Pro-life and male: Your article was outstanding ["Bitter Pill," July 13]. The fight for reproductive rights is becoming an uphill battle against pro-life, middle-aged male politicians who will never be pregnant.
Nearly three years ago, I faced a "condom malfunction" with my boyfriend. Luckily, I was able to obtain emergency contraception from my local Planned Parenthood. If not, instead of becoming a college graduate, I could be working a couple of dead-end jobs and collecting welfare, with a child crying at my feet.
I hope some of your women readers will be inspired to become more active in fighting not only for their reproductive rights, but for all their rights as women.
Horrendous and cruel: You should be proud: This article is likely to inform enough women about emergency contraception to prevent a number of unintended pregnancies and unnecessary abortions. I hope publicizing the access crisis will help create public pressure to reverse this horrendous and cruel limitation of women's rights.
What I find most upsetting is that patients often aren't being given this basic yet critical information. And without it, they won't know they can try to find access elsewhere. That's so cruel, it breaks my heart.
Beliefs vs. rights: Bravo to Rebecca Meiser for exposing the difficulties women face in obtaining the morning-after pill. It's an incredible injustice when hospital staff and pharmacists let their personal beliefs take precedence over a woman's best interests. Women who face the prospect of an unwanted pregnancy should have every safe and legal option available to them, including contraception, emergency contraception, and abortion.
At Preterm, we give every woman a prescription for emergency contraception in her take-home packet and can provide it six days a week. Last year, more than 500 women came to our clinic specifically for emergency contraception, and they deserve support -- not censure -- for protecting themselves.
Executive Director, Preterm
Ignorant and unethical: Thank you for an informative article on one of the fundamental issues facing women of reproductive age. Not only are politicians failing women, so are medical personnel. Distortion of truth is expected from anti-choice politicians and spokesmen. What is intolerable is the ignorance and lack of ethical responsibility exhibited by pharmacists and some physicians.
Emergency contraception does not result in abortion. The pill is FDA-approved as being safe and effective. In fact, it reduces the necessity of even considering an abortion. Emergency contraception is a special combination of birth-control pills that, if administered within 120 hours, can prevent unintended pregnancy in cases of rape, incest, or contraceptive failure. The imposition of practitioners' personal religious beliefs to the detriment of patients' well-being is an insult to the medical profession.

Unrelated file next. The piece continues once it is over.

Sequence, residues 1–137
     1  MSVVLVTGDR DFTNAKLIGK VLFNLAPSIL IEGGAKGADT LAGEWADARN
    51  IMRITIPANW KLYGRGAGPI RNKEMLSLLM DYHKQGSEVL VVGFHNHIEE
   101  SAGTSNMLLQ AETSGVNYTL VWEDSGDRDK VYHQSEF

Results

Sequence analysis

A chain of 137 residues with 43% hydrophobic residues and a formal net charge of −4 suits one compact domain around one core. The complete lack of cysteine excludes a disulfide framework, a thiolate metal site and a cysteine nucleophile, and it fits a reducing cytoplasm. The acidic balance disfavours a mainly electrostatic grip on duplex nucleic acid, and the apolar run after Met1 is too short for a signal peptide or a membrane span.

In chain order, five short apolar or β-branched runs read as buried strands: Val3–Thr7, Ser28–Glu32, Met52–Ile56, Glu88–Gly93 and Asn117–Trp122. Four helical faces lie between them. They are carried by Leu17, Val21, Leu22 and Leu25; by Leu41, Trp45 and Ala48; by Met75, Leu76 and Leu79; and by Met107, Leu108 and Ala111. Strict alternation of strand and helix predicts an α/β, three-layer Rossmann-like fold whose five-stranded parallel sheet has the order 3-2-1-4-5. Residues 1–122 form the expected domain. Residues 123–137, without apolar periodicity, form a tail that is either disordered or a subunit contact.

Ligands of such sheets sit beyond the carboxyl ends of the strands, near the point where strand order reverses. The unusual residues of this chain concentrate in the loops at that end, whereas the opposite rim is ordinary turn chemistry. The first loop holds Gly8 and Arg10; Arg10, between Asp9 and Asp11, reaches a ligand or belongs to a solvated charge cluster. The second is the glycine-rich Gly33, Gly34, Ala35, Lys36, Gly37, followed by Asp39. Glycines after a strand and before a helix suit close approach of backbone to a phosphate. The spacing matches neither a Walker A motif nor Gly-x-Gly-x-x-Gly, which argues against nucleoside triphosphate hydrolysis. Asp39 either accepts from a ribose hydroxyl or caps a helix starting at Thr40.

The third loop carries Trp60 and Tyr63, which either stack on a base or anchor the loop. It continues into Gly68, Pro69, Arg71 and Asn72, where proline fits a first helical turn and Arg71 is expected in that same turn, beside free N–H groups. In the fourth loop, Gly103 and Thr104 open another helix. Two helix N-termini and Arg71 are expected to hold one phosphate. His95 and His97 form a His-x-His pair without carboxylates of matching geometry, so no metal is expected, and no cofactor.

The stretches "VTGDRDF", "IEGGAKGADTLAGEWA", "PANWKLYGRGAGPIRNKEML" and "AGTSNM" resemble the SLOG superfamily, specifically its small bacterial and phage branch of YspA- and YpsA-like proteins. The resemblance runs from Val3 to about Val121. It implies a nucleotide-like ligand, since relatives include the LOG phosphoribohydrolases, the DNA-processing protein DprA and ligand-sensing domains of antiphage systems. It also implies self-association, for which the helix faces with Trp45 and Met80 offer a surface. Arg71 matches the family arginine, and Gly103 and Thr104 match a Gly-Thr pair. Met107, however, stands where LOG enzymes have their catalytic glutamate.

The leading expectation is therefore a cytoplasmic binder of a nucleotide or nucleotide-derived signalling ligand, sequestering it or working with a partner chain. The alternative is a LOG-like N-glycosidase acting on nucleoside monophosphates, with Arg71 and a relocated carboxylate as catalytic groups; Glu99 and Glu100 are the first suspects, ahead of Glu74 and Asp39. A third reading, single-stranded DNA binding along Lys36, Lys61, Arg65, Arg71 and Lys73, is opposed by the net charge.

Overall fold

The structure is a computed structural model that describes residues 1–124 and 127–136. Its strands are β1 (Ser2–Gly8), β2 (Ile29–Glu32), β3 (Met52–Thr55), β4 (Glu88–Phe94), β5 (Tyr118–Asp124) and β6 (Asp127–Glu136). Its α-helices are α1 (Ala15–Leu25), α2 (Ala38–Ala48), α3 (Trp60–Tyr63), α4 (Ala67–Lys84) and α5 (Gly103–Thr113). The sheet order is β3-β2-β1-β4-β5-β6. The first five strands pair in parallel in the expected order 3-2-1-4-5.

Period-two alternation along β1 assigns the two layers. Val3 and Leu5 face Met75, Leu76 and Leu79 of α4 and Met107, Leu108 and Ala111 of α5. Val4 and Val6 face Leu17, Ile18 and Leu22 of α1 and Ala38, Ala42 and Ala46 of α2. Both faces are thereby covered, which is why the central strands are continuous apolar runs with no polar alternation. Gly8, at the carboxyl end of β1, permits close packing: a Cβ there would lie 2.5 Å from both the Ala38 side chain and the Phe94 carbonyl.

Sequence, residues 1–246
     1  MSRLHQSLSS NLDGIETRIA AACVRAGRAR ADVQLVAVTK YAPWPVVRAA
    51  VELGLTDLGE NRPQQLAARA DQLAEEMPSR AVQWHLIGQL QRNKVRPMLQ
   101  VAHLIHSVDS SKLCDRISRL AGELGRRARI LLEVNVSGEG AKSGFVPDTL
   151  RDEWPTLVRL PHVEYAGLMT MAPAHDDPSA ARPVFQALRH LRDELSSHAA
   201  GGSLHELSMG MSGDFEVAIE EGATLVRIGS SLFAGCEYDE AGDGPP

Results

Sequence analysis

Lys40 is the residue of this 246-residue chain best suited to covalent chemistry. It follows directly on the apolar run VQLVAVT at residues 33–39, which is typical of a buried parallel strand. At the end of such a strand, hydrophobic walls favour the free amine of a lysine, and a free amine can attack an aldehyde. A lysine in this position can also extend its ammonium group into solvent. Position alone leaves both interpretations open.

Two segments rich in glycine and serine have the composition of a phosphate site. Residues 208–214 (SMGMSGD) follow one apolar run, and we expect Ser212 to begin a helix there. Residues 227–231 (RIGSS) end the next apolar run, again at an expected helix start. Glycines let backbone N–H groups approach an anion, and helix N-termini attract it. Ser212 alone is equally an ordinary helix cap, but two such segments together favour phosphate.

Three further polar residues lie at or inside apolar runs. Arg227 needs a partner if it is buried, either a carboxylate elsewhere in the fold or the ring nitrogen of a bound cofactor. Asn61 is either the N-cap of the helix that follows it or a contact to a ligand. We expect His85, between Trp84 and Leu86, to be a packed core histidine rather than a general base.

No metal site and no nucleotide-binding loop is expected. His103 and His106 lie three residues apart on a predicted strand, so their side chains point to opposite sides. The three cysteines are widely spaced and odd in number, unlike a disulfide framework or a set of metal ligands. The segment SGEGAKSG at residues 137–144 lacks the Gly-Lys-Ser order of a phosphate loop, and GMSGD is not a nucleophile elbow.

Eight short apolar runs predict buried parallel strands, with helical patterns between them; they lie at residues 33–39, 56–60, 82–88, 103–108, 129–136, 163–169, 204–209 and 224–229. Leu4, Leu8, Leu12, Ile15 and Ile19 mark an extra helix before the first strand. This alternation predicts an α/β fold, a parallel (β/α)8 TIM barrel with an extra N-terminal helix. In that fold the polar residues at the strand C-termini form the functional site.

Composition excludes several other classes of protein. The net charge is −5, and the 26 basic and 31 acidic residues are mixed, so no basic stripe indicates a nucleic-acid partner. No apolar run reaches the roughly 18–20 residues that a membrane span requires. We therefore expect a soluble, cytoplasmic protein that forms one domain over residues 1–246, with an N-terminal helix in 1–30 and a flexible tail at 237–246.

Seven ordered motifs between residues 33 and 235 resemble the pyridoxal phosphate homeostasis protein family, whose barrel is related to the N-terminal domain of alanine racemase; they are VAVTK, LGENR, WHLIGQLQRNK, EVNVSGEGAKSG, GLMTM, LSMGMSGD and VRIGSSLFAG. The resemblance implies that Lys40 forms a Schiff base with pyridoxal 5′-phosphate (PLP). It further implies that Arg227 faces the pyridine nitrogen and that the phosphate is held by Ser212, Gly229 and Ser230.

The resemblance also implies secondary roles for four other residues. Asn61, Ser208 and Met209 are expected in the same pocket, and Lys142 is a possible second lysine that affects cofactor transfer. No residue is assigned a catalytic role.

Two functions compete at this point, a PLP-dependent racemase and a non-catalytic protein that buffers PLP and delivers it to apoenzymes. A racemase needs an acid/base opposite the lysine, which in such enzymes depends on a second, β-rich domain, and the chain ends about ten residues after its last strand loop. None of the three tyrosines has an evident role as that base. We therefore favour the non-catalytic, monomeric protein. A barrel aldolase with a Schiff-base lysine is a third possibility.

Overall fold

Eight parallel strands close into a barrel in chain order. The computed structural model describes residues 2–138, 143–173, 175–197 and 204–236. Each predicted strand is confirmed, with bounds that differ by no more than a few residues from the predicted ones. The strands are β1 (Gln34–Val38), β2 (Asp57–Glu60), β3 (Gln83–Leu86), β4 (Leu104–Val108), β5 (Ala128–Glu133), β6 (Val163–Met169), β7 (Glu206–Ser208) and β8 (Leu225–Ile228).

Preventing unwanted pregnancies is responsible family planning. Responsible family planning and parenting of wanted children is the best way to prevent the physical and psychological abuse increasingly inflicted upon children in today's society.
Thank you for providing the true facts to women. We need more courageous and truly concerned individuals in the media, politics, and medicine to attain real compassion in this society.
Dr. Bettie L. Van Dyke
Five centers provide pills: Thanks so much to Rebecca Meiser for a great article about access to emergency contraception. Since emergency contraception could prevent thousands of abortions and unintended pregnancies, it is disappointing that hospitals are doing such a poor job of providing it -- and even of notifying rape victims that it is an option.
There are four Planned Parenthood centers open on Saturdays; I think the problem for the woman in the story was that it was a holiday weekend. You can walk into any of the five centers without an appointment any time they are open, which at most sites is six days a week. You can get the pills from the Planned Parenthood health centers without having to find a pharmacy that will fill a prescription. Check the website or call for hours.
Though the FDA-approved protocol for emergency contraception is 72 hours, subsequent studies have shown that it is fairly effective up to 120 hours after unprotected sex, so don't give up if you have passed the 72-hour window. But the sooner you take it, the more effective it is.
Mary O'Shea, Director of Public Policy
Planned Parenthood of Greater Cleveland
One Got Through
Good story, for a change: I'm a native son of Cleveland and a regular reader of Scene. I'm not sure why -- most of the articles are poorly written and lack appeal for more educated folks. But this one was absolutely hilarious and easy to follow ["Taming the Mighty Cuyahoga," July 13].
Everyone who grew up here should read this. You can tell you're not the product of our public schools. Bravo!
The date for Kasabian's show at the Grog Shop was incorrectly listed in last week's Scene. The show actually takes place on July 20.